St. Therese Facebook Page Video - Carmelite Vocation Carmelite Seminary Carmelite Vocations Catholic Online Carmelite Mission in Uganda (Facebook) Catholic Online Pro-Life Articles St. Therese School St. Therese School Promotional Video Archdiocese of Los Angeles Carmelite Parish: Santa Cruz, Tucson, Arizona Catholics Come Home Carmelite Parish: St. Cecilia's, Stanwood, Washington El Carmelo Retreat House, Redlands Cloistered Carmelite Nuns in Alhambra Sacred Heart Retreat House U.S. Conference of Catholic Bishops Vatican Sunday Readings EWTN Mass Times (for use while traveling)

CATECHESIS Q & A:  DEEPENING OUR KNOWLEDGE

WHY DO WE USE INCENSE AT MASS?

 

The Catechism advises us that prayers of petition include substantially more than our spirit. “Regardless of whether or not supplication is communicated in words or signals, it is the entire man who asks” (CCC 2562).  Hence, the Church’s worship contains various components that are noticeable and connect with our senses. The Catechism teaches us that, “In human life, signs and images involve a vital place. As a physical being, man communicates and sees profound substances through signs and images. As a social being, man needs signs and images to speak with others, through dialect, motions, and activities (CCC 1146). 

To help connect with the greater part of our faculties amid the celebration of Mass, lifting up our bodies and souls to God, the Church for quite a long time has utilized incense as a vital outer sign.  Incense was an imperative piece of love for some antiquated religions, including the Jewish people. In the Tabernacle, and also the Temple, God directed that a “sacrificial stone of incense” be constructed. God commanded that Aaron, the High Priest, “...must burn incense again when he lights the lamps at twilight so incense will burn regularly before the Lord for the generations to come” (Exodus 30:8).  Associated with this custom is the best-known expression about incense in the Old Testament: “Let my supplication be set before you like incense; may the lifting up of my hands be like the evening sacrifice” (Psalm 141:2).  Christians immediately received the utilization of incense, and it shows up unmistakably in the book of Revelation, as when St. John writes, “the smoke of the incense ascended with the supplications of the holy people from the hand of the holy Messenger of God” (Revelation 8:4).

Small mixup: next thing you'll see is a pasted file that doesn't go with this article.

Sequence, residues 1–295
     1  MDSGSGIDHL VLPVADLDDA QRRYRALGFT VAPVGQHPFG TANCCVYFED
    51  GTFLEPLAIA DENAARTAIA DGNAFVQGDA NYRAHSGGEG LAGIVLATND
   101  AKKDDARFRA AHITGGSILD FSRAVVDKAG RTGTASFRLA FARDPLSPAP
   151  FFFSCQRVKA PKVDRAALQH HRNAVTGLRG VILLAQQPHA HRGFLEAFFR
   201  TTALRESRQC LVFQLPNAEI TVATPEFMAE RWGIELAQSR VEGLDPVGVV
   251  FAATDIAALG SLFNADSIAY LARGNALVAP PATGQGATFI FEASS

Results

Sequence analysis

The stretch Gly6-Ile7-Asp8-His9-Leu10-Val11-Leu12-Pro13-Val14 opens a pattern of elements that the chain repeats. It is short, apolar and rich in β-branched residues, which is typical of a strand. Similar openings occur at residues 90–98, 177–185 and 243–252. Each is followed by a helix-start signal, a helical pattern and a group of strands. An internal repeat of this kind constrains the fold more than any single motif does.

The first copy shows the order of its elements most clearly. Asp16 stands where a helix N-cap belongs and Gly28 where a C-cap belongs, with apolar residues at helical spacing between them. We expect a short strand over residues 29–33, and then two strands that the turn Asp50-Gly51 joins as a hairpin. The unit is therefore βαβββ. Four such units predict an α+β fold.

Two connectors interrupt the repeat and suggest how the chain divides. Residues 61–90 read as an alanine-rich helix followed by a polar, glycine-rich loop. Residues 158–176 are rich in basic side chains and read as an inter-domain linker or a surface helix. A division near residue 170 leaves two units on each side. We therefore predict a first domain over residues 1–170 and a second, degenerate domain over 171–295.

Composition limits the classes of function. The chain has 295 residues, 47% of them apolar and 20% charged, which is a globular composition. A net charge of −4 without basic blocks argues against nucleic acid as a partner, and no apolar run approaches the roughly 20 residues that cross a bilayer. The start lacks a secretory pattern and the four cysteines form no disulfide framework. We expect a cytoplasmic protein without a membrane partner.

In light of the above Scriptures, the essential significance behind the utilization of incense is to symbolize our supplications ascending to God. When we see the incense, we are reminded that the priest is there to pray for us  before our God.  Incense additionally brings to mind the wonderful reality of the Mass, reminding us that the Mass is a meeting place amongst Paradise and Earth.  

Lastly, the thick billow of incense can regularly enlighten our perspective of sacred places. Our mortal personalities can’t grasp completely the mystery that is being re-presented before our eyes at the Mass; and the incense makes that reality significantly more unmistakable.  So while the utilization of incense can appear to be interesting now and again, it has profound otherworldly roots and has been a piece of Heavenly love for a huge number of years.


 

Article No. 67 (Published in the Bulletin of August 27, 2017)